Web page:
The Lone Ranger and Tonto find themselves after a long exhausting horse ride staring up at canyon walls filled with hostile Apache warriors. The Lone Ranger sensing the impending doom turns to Tonto, his faithful Indian scout, and says “What do WE do now Tonto?” Tonto slowly turns towards to the Lone Ranger, thinks of his Indian brothers and says “What do you mean WE, White Man?”
The other night while in the emergency room for 5 hours, that part of my brain that stands aside and observes had quite an inner monologue going on questioning everything that happened or more precisely what was NOT happening. The delirious from pain and fever me and the bordering on hysterical with fear husband had an intense dialogue going on, but it wasn’t making much sense at the time. And doing us both more harm than good.
I remember asking “why did you bring me here to this ER?” His answer was “because this is where we’ve always come here.” Huh? “Who is we? Come to think of it I used to get medical care a lot faster before I married into this “we” family 10 years ago. And what does that have to with the fact that this is NOW, in the present, the premier suckiest, smelliest, ER I’ve ever been too?” The only ER I’ve been to so far that was worse was the one in downtown Kingston, Jamaica, when a friend poked some tree sap in his eye.
I think I said or maybe only thought “I’d be better off going to Parkland hospital.” (The hospital President Kennedy died at) “At least there I’d die fast instead of writhing away in agony for eons.” It’s pretty pathetic when you are in such misery that you hope for malpractice as an escape from this mortal coil. I’m not accusing Parkland Hospital of malpractice, and am pretty much sure that the President was already a goner upon arrival at their ER, but a desperate brain grasps as straws.
I then asked “OK, why exactly does the collective we always come here to this ER?” The answer was something along the lines of our family (in-laws) donated a lot of money or built a wing or some such thing. That’s all well and good, and I applaud their generosity. However, the point was that it wasn’t helping me now in the present. I didn’t see an express lane for hospital supporters anywhere in the room. When I need medical treatment, I want it fast and am not willing to be patient and wait simply because at some point in the distant past a relative made a donation to this particular institution. Unless maybe I’m willing to play the jolly fellow and just die and donate my organs as well?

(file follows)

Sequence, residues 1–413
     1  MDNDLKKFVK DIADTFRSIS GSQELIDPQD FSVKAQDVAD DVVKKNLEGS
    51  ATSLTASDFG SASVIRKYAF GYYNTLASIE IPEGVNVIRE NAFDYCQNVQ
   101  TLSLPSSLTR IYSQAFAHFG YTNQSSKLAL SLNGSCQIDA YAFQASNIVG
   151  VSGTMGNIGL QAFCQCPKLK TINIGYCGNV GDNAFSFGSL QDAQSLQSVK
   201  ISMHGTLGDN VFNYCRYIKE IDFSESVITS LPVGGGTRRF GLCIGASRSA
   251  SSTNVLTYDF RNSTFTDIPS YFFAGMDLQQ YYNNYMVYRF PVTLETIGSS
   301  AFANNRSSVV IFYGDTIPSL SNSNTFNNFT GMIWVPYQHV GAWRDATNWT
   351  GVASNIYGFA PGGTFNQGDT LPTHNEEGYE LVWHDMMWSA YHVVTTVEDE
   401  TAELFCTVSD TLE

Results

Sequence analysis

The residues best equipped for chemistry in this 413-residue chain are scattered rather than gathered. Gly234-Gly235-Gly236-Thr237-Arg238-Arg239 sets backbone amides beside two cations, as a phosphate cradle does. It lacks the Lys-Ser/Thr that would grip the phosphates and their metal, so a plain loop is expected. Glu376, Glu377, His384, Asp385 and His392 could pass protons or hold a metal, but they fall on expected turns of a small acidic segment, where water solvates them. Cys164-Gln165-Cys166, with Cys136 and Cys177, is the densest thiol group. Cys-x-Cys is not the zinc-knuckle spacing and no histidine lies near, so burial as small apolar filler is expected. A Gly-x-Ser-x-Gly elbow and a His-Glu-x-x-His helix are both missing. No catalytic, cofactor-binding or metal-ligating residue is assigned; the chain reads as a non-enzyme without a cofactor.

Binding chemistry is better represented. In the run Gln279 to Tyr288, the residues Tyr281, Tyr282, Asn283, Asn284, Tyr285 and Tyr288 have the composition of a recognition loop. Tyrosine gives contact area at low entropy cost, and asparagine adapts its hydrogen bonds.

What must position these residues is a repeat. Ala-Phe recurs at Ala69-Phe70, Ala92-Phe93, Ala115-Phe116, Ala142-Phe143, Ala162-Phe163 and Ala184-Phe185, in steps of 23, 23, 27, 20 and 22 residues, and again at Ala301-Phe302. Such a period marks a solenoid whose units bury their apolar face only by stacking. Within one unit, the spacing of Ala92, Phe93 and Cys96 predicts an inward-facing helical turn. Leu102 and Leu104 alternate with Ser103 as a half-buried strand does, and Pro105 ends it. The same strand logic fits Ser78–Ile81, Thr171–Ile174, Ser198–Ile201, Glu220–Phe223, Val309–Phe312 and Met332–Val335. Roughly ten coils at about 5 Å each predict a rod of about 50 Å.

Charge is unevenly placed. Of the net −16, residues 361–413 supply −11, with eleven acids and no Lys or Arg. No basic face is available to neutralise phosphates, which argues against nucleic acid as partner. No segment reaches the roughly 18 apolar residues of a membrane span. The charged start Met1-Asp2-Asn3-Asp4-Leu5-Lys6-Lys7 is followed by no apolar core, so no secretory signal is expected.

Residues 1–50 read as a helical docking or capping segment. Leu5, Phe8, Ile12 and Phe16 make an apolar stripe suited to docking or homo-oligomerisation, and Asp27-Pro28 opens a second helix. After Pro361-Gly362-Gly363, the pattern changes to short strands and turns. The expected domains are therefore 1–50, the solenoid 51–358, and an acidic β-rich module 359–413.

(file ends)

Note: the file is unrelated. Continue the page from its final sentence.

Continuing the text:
Finally in total frustration, Mr. Husband asked “well what do you want to do? Go home?” I said I didn’t know. What I really wanted to say was “just shoot me now and get it over with. My God, if I was an animal they would have already posed this as an option.” The truth is that I rarely “don’t know.” I have an opinion on everything including my demise. When I say I don’t know it’s because I am afraid to verbalize what I’m thinking.
After several more eons waiting it came to me that having an Advanced Medical Directive is not enough. Mr. Husband and I both have a notarized version of this document authorizing us to make decisions for the other in case they are unable to do so.
Along with the AMD document it is also important to hammer out when exactly you become incapable of making decisions, and be very specific about it. Mr. Husband tends to play fast and loose with this one and sometimes decides I’m incapacitated the minute I say “oww.” I have decided that my definition of incapable of making decisions comes at the point when I am unconscious, with eyes closed, and do not respond to a stab in the sternum with a roofing nail and not one second before.
I’ve also decided that it is extremely important to decide beforehand, when I’m in my right mind, important details of health care such as what hospital I want to be taken to in an emergency. It will help ease the panic and confusion and lessen the emotional damage between loved ones after an event. Delirium tends to operate on a sliding scale. The other night I was slipping in and out of reality and at one point thought my brother was talking to me. He lives in Mississippi so that was highly unlikely. If you wait until that point to make life altering decisions you run the risk of not being take seriously.
Another thing I’m going to do is make up a cheat sheet and keep in my wallet. For my own use, to remember what I decided when I was “in my right mind.” And to hand it over to Hubman if I feel myself slipping to the dark side.
1) What hospital I want, no wait DEMAND, to go to if need be.
2) Who my primary care Doctor is …according to me.
3) What hospital I do NOT want to go to, in case my first choice is not an option.
4) Meds I’m taking.
4) What I’m allergic to.
5) The fact that I do not want ice applied to any part of my body unless death is the only alternative. (I hate ice packs-while it’s Hubman’s go-to solution for any problem)